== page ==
By Joce DeWitt

    One of the most commonly asked questions from prospective OSU students is how one student, just one in a now 25,000-strong student population, can possibly get involved and make a difference on campus. Allow me to divulge my knowledge.

    First, on behalf of all the ambassadors and advisors of the College of Liberal Arts, I would like to take this opportunity to strongly urge, nay, beg you to get involved during your years here at Oregon State University.  I’ll even go one step further in saying that you should do so immediately upon your arrival on campus. The benefits will not only be obvious once you immerse yourself, but later on down the winding road of life when you are applying for jobs and mapping out your career.

    Speaking from experience, I think it is safe to say that there are more ways to get involved as a new student on campus than anyone can count. Therefore, the benefits that result are also immeasurable. My point is that “student involvement,” though a term that has become rather cliché over the years (think of your high school’s student body president campaigning for election because of how “involved” she was…) is not a concept that should be compartmentalized or marginalized on a campus as vast as that of OSU. I speak the truth when I guarantee that there is literally an outlet for every student here, whether it be recreational (anime club, sports club, Intermural sports leagues, etc.), academic (comm club, engineers without borders, Spanish club, etc.), paid campus positions (student media, academic departmental positions, MUPC event staff, etc.), and whatever else anyone can think of.

    I suppose one of the best ways to provide evidence to my claims that there is an overabundance in involvement outlets on campus is by sharing my personal story.

    As a freshman, brand new and wide-eyed to campus in the New Media Communications program, I enrolled in NMC 101 and was encouraged the first day to become a part of student media. From that very class, I marched myself to Snell Hall, home of all student media, and told them I wanted to write for the paper. With no questions on my lack of journalism experience or even what year I was, they told me they’d train me and get me published. Bam. Just like that.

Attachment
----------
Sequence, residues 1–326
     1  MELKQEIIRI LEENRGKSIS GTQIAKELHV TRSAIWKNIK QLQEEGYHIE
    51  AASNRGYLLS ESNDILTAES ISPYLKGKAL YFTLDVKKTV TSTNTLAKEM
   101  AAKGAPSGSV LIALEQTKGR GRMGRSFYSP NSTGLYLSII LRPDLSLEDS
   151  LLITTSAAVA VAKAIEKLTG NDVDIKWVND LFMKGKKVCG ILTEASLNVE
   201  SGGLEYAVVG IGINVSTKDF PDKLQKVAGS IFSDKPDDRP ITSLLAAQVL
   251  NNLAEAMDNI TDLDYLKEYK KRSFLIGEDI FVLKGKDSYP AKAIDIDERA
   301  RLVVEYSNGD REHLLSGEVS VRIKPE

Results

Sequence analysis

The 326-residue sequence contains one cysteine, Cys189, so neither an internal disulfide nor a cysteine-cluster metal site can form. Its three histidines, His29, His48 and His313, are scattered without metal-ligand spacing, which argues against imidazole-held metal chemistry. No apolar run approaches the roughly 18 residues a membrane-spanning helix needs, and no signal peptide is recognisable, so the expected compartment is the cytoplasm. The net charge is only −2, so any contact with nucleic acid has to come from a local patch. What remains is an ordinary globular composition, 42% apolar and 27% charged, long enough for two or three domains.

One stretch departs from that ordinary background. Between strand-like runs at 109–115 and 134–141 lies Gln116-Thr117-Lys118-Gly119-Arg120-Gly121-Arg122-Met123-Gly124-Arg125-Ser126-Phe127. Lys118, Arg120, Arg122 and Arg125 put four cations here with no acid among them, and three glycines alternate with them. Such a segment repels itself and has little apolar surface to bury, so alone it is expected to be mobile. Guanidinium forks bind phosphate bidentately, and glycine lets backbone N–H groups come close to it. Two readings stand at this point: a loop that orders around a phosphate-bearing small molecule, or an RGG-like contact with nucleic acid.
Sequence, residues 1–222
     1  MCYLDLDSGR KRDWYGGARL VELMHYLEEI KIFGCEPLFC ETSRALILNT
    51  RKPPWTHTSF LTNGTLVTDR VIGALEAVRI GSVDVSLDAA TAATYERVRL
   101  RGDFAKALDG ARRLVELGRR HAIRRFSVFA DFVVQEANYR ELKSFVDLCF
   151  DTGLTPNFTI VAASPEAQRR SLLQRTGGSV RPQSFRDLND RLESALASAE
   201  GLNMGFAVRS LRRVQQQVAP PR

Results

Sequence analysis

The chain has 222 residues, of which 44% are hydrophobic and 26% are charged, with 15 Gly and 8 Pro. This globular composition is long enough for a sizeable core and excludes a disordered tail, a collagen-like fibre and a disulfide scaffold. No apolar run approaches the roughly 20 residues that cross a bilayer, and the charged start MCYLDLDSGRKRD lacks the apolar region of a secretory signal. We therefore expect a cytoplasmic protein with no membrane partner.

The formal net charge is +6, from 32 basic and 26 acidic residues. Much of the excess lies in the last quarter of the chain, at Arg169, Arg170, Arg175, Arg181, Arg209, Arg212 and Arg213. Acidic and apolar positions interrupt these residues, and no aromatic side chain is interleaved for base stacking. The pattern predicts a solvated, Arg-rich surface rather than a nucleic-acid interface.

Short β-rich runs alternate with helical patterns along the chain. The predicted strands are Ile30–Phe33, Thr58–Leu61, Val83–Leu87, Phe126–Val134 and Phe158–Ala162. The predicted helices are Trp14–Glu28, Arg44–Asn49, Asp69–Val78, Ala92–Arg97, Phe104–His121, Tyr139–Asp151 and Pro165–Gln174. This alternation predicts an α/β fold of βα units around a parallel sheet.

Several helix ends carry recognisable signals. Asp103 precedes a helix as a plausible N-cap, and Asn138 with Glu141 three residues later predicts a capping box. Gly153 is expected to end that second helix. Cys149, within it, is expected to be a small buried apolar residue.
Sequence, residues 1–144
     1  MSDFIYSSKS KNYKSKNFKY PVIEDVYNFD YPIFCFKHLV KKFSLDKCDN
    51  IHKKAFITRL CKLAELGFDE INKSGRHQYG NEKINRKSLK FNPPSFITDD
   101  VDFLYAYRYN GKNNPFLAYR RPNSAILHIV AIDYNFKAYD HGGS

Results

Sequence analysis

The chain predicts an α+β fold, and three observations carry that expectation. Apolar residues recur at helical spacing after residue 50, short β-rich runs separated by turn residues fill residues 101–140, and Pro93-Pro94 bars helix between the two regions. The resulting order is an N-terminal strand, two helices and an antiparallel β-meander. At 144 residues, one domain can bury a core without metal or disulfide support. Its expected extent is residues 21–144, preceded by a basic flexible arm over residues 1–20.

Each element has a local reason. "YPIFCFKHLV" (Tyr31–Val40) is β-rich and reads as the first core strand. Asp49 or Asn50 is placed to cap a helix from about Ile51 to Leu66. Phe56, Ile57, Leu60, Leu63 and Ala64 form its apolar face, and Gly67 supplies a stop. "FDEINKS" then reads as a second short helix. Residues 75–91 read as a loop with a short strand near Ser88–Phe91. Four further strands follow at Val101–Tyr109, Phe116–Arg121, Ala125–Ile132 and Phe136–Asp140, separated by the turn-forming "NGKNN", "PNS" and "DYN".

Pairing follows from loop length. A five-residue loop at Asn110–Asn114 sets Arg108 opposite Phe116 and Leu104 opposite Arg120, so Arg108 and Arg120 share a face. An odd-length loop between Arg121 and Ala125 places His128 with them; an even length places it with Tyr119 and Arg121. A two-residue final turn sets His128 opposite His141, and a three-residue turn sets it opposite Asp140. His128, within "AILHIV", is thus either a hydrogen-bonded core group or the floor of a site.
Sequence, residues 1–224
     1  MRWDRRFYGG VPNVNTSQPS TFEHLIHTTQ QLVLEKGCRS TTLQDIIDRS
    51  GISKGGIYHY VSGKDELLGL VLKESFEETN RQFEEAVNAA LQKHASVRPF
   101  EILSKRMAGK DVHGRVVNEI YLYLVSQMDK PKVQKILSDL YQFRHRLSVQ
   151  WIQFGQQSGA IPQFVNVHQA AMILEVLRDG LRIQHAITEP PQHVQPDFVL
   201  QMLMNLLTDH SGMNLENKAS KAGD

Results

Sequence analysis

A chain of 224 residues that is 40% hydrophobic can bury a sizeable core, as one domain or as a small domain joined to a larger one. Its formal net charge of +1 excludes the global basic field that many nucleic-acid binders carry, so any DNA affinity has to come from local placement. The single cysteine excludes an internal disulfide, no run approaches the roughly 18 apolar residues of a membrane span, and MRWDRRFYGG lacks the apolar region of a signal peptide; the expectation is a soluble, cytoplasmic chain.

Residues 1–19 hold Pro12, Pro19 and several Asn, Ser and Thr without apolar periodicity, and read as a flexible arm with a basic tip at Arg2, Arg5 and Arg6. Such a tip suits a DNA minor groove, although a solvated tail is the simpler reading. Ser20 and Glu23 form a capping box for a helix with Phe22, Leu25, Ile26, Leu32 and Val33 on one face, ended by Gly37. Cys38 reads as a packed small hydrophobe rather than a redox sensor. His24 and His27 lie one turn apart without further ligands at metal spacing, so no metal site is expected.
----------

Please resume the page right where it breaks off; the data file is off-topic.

Ever since that first experience, I have been involved with student media in one way or another. I worked myself up from freshman newbie columnist to News Editor, or the girl who gets to decide what our campus sees on the front page of the paper every single morning. I assign the stories, I hire and train the reporters, and I am the go-to person for story ideas and coverage. I also worked for KBVR TV on the Beaver Sports Show for a year. But even apart from experiences in student media, I held a campus job in one of the dining centers for two years and played on multiple IM sports teams.

    Needless to say, I have already begun reaping the benefits of my hyper involvement, and I haven’t even graduated yet. Because of my work at the Barometer and KBVR, I scored a summer internship with The Keizer Times, where I learned the news-writing foundations I now put to daily use.

    Getting involved as a student will guarantee one of the following: you meet a ton of amazing people and establish networks you never even knew existed, you have a ton of fun doing the things you love while making a difference as a contributing member of the community, you build your resume to impress the pants off of future employers, or you learn a lot about yourself (characteristic short-comings and marvels alike) in the process. Take your pick. I promise you will not make the wrong choice.


    By Kerry Thomas

    I can’t believe that it’s already week five of fall term.  It seems like just yesterday I was getting sunburned at the College of Liberal Arts CONNECT week scavenger hunt.  But it’s true, fall is underway and I’m seeing several tell-tale signs that indicate the middle of the term is here:

    1. It seems like everyone has the “bug” that’s going around, and they keep coming to class anyway; the large lecture hall in Milam turns into a symphony of coughing, sneezing and blowing noses.
    2. “More Coffee!” is the cry of the masses struggling to pull through their first round of midterms.
    3. The hours of daylight are shrinking as we prepare for the marathon of grey rainy days that is the blur of winter in Oregon.
    4. And the buzz around campus is related to what everyone is dressing up as, yep, that’s right, for HALLOWEEN!

    It’s here folks; the first holiday of the year that reminds us all that it’s time to go in and talk with your academic advisor.  To schedule an appointment either call 541-737-0561 or come by Gilkey 213.

    But before meeting with your advisor, take some time to think back over the past weeks of this term and ask yourself some questions.  First, how is it going? Overall, are you happy at OSU and doing well in your classes?  If not, try to identify what isn’t working for you.  Maybe you don’t like the majority if your courses or you’re considering changing your major.  If that’s the case, it’s time to talk to your advisor about finding different content areas that you are interested in.  As advisors, we can help you make connections based on your interests and career goals that you might not know are possible.